NewsNovel Reinforcement Learning Approach Using Crowdsourced Feedback Developed by MIT, Harvard, and...

Novel Reinforcement Learning Approach Using Crowdsourced Feedback Developed by MIT, Harvard, and University of Washington Researchers

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Researchers from MIT, Harvard University, and the University of Washington have developed an innovative reinforcement learning approach that forgoes the need for an expertly designed reward function. Instead, this new method utilizes crowdsourced feedback from many nonexpert users to guide an AI agent in learning to complete tasks, such as opening a kitchen cabinet.

Challenges in Traditional Reinforcement Learning

Traditionally, reinforcement learning involves a trial-and-error process where an AI agent is rewarded for actions that bring it closer to a goal. However, designing an effective reward function often requires considerable time and effort from human experts, especially for complex tasks involving many steps.

The New Approach: Leveraging Crowdsourced Feedback

This latest approach, developed by leading researchers, leverages feedback from nonexperts, overcoming the limitations of previous methods that struggle with noisy data from crowdsourced users. This novel technique allows for faster learning by the AI agent, despite the potential inaccuracies in the feedback.

Asynchronous Feedback for Global Input

The method also allows for asynchronous feedback, enabling contributions from nonexpert users around the world. This feature broadens the scope of input and facilitates diverse learning opportunities for the AI agent. Pulkit Agrawal, an assistant professor in the MIT Department of Electrical Engineering and Computer Science (EECS) and leader of the Improbable AI Lab at MIT CSAIL, emphasizes the scalability of robot learning through this crowdsourced approach.

Guided Exploration Instead of Direct Instruction

Marcel Torne ’23, a research assistant in the Improbable AI Lab and lead author of the study, explains that the new method focuses on guiding the agent’s exploration rather than dictating exact actions. This approach is beneficial even with somewhat inaccurate and noisy human supervision.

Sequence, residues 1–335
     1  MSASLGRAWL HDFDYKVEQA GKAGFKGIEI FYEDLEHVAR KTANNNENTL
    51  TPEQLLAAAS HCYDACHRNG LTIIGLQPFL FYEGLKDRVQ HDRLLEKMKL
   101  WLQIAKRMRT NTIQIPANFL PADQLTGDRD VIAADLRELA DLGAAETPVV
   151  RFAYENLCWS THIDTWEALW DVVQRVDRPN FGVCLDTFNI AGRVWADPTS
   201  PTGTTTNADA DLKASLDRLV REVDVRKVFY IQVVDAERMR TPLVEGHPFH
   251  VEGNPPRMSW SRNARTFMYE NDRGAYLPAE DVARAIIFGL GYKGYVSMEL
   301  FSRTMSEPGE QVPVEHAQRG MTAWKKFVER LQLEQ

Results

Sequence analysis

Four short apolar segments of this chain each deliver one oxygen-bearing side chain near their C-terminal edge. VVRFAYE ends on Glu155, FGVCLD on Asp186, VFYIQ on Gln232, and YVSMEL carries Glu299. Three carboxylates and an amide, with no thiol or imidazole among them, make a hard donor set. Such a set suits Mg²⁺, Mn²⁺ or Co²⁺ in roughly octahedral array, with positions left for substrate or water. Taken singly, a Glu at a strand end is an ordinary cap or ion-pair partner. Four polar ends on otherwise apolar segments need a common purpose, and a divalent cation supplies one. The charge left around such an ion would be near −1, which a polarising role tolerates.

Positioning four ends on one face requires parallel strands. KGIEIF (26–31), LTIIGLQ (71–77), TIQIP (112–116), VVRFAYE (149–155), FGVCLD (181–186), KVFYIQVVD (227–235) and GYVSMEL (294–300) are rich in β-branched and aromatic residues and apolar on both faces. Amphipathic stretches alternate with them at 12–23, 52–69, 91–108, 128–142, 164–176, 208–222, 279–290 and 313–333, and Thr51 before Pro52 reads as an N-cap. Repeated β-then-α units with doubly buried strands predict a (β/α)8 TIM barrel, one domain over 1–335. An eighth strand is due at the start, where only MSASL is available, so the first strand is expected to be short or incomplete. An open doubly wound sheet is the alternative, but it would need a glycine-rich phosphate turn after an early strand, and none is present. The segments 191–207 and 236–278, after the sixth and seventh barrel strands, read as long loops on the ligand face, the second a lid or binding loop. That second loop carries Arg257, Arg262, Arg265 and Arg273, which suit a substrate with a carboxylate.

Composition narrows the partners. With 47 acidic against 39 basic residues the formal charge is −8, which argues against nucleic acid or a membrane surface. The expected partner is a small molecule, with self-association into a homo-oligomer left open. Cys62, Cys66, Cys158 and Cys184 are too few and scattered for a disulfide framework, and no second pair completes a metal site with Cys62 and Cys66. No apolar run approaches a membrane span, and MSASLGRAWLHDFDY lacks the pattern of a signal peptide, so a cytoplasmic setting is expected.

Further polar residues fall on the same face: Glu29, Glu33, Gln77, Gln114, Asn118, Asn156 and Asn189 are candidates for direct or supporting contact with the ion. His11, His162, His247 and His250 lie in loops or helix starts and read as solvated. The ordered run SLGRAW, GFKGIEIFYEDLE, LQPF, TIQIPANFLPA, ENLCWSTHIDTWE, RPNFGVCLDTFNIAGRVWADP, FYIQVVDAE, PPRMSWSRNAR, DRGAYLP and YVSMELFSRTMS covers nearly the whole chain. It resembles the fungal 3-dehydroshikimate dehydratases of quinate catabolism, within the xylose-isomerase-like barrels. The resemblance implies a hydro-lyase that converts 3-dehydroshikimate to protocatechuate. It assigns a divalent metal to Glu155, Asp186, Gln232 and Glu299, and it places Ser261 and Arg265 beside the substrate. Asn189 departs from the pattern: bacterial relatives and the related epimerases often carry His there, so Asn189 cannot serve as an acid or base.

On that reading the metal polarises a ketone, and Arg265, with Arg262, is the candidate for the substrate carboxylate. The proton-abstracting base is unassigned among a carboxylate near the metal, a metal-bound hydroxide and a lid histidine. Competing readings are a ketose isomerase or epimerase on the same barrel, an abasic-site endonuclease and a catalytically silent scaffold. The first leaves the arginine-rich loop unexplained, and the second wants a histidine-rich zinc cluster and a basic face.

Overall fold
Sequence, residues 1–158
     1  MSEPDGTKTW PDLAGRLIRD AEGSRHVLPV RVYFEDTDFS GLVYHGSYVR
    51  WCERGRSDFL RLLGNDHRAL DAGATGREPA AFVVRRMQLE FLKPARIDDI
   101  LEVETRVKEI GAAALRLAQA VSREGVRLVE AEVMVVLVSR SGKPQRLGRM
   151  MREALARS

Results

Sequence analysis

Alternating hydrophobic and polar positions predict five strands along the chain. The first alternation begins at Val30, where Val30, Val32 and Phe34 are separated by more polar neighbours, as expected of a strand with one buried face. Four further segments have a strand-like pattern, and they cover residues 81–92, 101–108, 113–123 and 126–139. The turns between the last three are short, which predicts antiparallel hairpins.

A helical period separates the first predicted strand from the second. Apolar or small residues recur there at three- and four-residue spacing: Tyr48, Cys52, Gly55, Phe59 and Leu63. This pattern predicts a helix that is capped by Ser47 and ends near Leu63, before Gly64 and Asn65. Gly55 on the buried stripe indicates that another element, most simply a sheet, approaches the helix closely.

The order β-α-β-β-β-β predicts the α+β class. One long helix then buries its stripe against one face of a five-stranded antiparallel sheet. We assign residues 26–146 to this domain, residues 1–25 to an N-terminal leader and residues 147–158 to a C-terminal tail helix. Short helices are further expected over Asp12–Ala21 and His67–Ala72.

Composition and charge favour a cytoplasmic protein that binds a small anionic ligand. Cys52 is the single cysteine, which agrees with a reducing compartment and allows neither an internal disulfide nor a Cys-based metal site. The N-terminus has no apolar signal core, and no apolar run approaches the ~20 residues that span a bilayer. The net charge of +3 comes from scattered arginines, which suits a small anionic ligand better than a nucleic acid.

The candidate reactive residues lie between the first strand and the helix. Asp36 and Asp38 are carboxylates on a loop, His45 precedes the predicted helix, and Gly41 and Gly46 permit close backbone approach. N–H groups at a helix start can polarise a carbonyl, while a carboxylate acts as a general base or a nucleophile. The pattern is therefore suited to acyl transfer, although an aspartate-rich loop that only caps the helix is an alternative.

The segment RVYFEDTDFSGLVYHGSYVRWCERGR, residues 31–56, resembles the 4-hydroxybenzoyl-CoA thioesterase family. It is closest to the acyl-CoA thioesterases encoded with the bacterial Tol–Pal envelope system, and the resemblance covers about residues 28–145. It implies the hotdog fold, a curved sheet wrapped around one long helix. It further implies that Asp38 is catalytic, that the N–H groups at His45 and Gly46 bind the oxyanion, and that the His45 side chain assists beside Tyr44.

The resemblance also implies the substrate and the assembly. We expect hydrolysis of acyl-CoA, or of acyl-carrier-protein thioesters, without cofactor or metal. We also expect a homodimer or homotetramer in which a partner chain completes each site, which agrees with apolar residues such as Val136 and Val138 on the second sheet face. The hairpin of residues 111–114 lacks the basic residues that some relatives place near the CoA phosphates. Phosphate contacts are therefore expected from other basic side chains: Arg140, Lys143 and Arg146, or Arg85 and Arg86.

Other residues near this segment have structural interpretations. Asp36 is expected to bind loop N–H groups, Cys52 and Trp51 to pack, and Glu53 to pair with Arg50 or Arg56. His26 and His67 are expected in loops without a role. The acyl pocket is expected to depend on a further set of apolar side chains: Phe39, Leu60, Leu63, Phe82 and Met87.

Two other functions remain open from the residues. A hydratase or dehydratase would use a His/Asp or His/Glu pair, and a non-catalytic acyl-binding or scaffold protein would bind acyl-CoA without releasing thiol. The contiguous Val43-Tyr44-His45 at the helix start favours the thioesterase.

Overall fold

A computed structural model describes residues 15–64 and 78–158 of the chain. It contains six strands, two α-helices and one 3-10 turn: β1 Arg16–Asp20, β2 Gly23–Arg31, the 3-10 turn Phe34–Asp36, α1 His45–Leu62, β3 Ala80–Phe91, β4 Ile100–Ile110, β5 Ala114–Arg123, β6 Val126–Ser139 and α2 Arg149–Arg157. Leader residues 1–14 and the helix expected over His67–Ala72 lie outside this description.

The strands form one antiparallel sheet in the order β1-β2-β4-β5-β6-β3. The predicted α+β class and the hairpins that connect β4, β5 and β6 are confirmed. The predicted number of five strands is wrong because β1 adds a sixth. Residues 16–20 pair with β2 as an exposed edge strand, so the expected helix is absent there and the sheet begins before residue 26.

Decoupling Process and HuGE Method

The researchers have decoupled the learning process into two separate parts, each directed by its own algorithm, in a method they call HuGE (Human Guided Exploration). A goal selector algorithm, continuously updated with human feedback, guides the agent’s exploration. This feedback is not used directly as a reward function but rather as a guide for the agent’s actions.

Simulated and Real-World Applications

The HuGE method was tested in both simulated and real-world tasks, proving effective in learning tasks with long sequences of actions and training robotic arms for specific activities. The crowdsourced data from nonexperts showed better performance than synthetic data, indicating the method’s scalability.

Future Developments and Applications

Looking ahead, the research team aims to refine the HuGE method to include learning from natural language and physical interactions with robots. They also plan to apply this method in teaching multiple agents simultaneously. A related paper presented at the Conference on Robot Learning detailed an enhancement to HuGE, allowing AI agents to autonomously reset the environment for continuous learning.

Aligning AI with Human Values

The research emphasizes the importance of ensuring that AI agents are aligned with human values, a critical aspect in the development of AI and machine learning approaches. The potential applications of this new method are vast, promising to revolutionize the way AI agents learn and interact in various environments.

Michal Pukala
Electronics and Telecommunications engineer with Electro-energetics Master degree graduation. Lightning designer experienced engineer. Currently working in IT industry.